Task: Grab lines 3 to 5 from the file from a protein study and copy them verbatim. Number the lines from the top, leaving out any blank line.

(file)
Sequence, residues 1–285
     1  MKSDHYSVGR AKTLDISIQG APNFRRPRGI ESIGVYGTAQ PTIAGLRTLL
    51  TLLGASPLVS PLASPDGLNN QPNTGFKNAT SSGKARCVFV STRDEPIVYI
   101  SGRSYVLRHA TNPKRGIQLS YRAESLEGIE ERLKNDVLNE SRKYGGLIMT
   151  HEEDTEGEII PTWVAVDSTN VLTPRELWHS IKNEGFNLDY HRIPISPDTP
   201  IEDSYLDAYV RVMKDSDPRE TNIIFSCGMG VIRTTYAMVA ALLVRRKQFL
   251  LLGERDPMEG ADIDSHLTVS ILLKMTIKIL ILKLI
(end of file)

    51  TLLGASPLVS PLASPDGLNN QPNTGFKNAT SSGKARCVFV STRDEPIVYI
   101  SGRSYVLRHA TNPKRGIQLS YRAESLEGIE ERLKNDVLNE SRKYGGLIMT
   151  HEEDTEGEII PTWVAVDSTN VLTPRELWHS IKNEGFNLDY HRIPISPDTP